My apologies for being quite late to this week’s blog post! Just when you think you start to get a good grip on life, life has a way of reminding you that control is an illusion and that humans are no match for… well, much of anything in the scheme of things. But, that’s another conversation altogether and so let me get back to the topic at hand – selflessness.
I put quite a bit of thought into this challenge, more so than I ever really intended to. I wanted to go big on this one, really make meaningful impacts on the lives of those I encountered in truly memorable ways. I envisioned myself becoming an urban, thirty-something Mother Teresa, becoming a living vessel of altruism and charity for seven days. To say I fell short would be the understatement of 2017. However, I did walk away from the week slightly less self-centered, a bit humbled by humanity, and reminded that true selflessness can’t be found in buying a cute stranger a latte.
Goal: Seize every opportunity to be selfless I stumble across. Do ALL the altruistic things!
Reality: Day 1 was Super Bowl Sunday. I live in Houston, where the Super Bowl was hosted. To be more accurate, I live within the bowels of the production hell that was Super Bowl Central. I ventured out for a jog early in the day, ready to spread love and light. Thirty minutes later, I was cursing people’s deceased mothers who couldn’t abide by the most basic of driving principles. Things like stopping at stop signs, staying in lanes, yielding to pedestrians. It’s hard to be selfless when you’re fighting for your life every time you approach an intersection… I stop for a coffee on my way back to my house, aiming to buy one for a stranger to redeem myself and am nearly trampled by a herd of SCREAMING girls. Apparently, Ryan Gosling had been sighted at the restaurant next door. I head home, and hide there until it’s time to head out for the watch party. Selfless acts for the remainder of the day include: Letting five drivers over and offering them a friendly wave and smile, telling a cop he’s doing a great job and that dealing with a bunch of drunk Pat’s fans can’t be easy, allowing a stranger to pick me up and jostle my spine when the Pat’s rallied for a win, and not punching a very drunk Irishman after a most indecent proposal. Small victories are still victories?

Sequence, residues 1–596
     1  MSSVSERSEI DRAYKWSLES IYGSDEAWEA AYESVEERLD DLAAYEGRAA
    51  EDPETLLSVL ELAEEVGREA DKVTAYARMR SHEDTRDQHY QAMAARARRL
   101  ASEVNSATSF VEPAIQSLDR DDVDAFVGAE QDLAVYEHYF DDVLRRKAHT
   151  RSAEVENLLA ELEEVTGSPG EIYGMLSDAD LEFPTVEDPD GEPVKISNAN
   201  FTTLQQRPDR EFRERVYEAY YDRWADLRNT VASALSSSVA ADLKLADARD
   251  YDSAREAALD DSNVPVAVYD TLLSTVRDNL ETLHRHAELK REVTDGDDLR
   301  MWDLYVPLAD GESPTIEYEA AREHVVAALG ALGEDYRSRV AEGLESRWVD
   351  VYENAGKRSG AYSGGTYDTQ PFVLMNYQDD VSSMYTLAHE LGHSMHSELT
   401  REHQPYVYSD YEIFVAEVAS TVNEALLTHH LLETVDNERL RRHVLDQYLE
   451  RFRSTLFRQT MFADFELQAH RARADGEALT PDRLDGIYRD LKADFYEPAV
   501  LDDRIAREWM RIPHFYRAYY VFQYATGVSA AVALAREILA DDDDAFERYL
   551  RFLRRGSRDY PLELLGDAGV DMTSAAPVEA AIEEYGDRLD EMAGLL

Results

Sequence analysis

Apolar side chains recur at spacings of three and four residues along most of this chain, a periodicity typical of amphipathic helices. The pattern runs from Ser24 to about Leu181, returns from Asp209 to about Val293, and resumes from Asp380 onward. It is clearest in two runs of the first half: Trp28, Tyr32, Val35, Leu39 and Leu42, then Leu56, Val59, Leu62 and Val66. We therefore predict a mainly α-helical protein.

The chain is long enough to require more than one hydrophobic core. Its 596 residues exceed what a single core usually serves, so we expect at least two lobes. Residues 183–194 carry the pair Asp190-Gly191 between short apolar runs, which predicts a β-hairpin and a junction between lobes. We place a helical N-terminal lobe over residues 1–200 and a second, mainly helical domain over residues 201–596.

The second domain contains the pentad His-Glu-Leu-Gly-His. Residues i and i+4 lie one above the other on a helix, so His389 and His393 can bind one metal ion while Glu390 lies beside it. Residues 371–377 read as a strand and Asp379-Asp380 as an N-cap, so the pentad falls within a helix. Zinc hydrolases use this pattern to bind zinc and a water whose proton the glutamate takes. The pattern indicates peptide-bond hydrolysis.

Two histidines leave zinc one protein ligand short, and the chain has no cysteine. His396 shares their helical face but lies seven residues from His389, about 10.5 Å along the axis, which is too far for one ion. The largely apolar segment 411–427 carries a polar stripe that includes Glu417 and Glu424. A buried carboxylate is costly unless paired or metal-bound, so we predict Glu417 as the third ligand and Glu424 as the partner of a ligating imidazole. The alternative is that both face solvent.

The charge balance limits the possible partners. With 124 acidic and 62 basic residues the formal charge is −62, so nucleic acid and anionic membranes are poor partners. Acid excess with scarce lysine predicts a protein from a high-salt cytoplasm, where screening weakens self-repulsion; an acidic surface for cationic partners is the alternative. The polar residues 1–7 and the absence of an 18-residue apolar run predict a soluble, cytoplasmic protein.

Goal: Do Better, Vanessa.
Reality: Solid day! I sent adorable animal videos to a coworker to cheer them up, and paid for an elderly lady’s milk and eggs at the grocery store. Success!
Goal: Emboldened by yesterday’s success, I once again aim big. Do ALL the saintly things!
Reality: I start the day strong, being a courteous driver and allowing Houston’s commuters to bob and weave around as they willed. I consider this beyond selfless as every natural inclination in my being tells me that you fight for every square inch of space on Houston’s roadways and the only way someone gets in is if they 1. Use their blinker, 2. BE NICE. Trust me, I can be the bigger asshole, asshole. By the time I arrive to my first meeting of the day, I’m tired of being selfless. I stop for coffee on my way back into the office and notice a man struggling to carry both his coffee order and bags. I offer to help and am rewarded with a smile and a 75 lb shoulder bag full of what I’m certain must be bricks. We haul it to his car and off he goes, offering me a wave out his window. The final act of selflessness comes at the gym that evening, when I arrive at the last vacant stair master at the same time as another woman, and offer it to her while I opt for an elliptical instead.
Goal: Just be nice.